Zimbabwe is at a tense standstill as the presidential inauguration has been delayed due to the opposition's legal challenge to the July 30 election results. This was the first election without Robert Mugabe on the ballot, and analysts are not entirely sure what to make of this moment in the country's history.
Zimbabweans went into last month's general elections, the first in 38 years without Robert Mugabe atop the ballot, with great hopes.
Even before results were announced, opposition supporters took to the streets of the capital, Harare. At first, they celebrated. Then, they protested the delay in results. Finally, they ran for their lives after security forces fired live rounds, killing six people.
Now, two weeks after the poll, the declared victor — incumbent Emmerson Mnangagwa, who took over in November after Mugabe's resignation — still has not been inaugurated.
He is held in limbo as the opposition Movement for Democratic Change alliance challenges his narrow, 50.8 percent win.
They say challenger Nelson Chamisa, who officially got 44 percent of the vote, won the poll.
Lawyers for the party filed their case on Friday, saying they believe the poll was not conducted in according to "standards of fairness, transparency and accountability."
International observers praised the poll for being peaceful but raised concerns over the environment around the vote and the campaign.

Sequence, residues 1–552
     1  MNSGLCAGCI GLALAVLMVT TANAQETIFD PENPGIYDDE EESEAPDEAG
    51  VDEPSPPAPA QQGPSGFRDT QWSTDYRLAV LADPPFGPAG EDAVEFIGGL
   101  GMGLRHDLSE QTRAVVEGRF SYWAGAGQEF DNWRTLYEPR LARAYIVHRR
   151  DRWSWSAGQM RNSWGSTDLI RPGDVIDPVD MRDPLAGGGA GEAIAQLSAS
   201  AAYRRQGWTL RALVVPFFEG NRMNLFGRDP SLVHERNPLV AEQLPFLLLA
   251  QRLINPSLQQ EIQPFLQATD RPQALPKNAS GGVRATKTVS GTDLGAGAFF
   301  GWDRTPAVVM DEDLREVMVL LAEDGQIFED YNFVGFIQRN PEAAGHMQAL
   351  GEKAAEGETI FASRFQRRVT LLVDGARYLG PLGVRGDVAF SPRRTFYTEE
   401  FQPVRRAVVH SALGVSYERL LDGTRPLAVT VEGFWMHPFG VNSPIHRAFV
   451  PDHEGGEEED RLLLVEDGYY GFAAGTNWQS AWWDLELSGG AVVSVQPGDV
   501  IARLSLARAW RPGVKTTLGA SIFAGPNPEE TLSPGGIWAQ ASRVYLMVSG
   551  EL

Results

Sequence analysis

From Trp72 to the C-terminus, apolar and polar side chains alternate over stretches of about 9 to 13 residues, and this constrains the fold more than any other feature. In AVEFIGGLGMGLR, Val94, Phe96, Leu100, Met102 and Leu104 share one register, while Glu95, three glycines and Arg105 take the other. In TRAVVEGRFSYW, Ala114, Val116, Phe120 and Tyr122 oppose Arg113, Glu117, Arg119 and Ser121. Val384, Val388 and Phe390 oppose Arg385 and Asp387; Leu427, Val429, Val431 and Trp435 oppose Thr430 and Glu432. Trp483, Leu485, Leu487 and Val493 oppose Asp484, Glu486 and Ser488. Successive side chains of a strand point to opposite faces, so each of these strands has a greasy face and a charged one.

Under Mugabe, the outcome of every poll was predictable. Over his decades of rule, he was accused, often and credibly, of poll-rigging and intimidating voters.
But for the first time in ages, even analysts say they're not quite sure how this will end. Professor Annie Chikwanha, of the University of Johannesburg said it is a very "precarious" situation, "sort of like hanging over a cliff, not very dangerously, but somehow, dangerously. And that's because of the uncertainties surrounding what will happen once the Constitutional Court has given its verdict."
What analysts say needs to happen is unlikely: two men from different generations, different temperaments, and different ends of the political spectrum need to come together. Chamisa has outright dismissed suggestions of entering into a government with Mnangagwa, and said the two men have not spoken.
Chikwanha said they need to mend that bridge.
"Politically, it is important for whoever wins to take in, or bring the other one on board," he said. "They may not want to do it, but there has to be some form of appeasement that would appeal to the general electorate and to the voters, or to the public that supports the loser."
Analysts say they hope Zimbabwe can move forward, and that this election will be a blip in that journey.
Professor David Moore of the University of Johannesburg recalled that he had said "far in advance of the 2017 coup that this would be an election that wouldn't count."
"2023 would count," he continued, "because the younger generation, which cut their teeth in the early 2000s against the regime, are now gaining maturity, having experience. And if they can maintain a hold over the MDC, and perhaps other opposition parties that might emerge, we will see a much different election."
But right now, as Zimbabwe waits, that may be cold comfort for this very divided nation.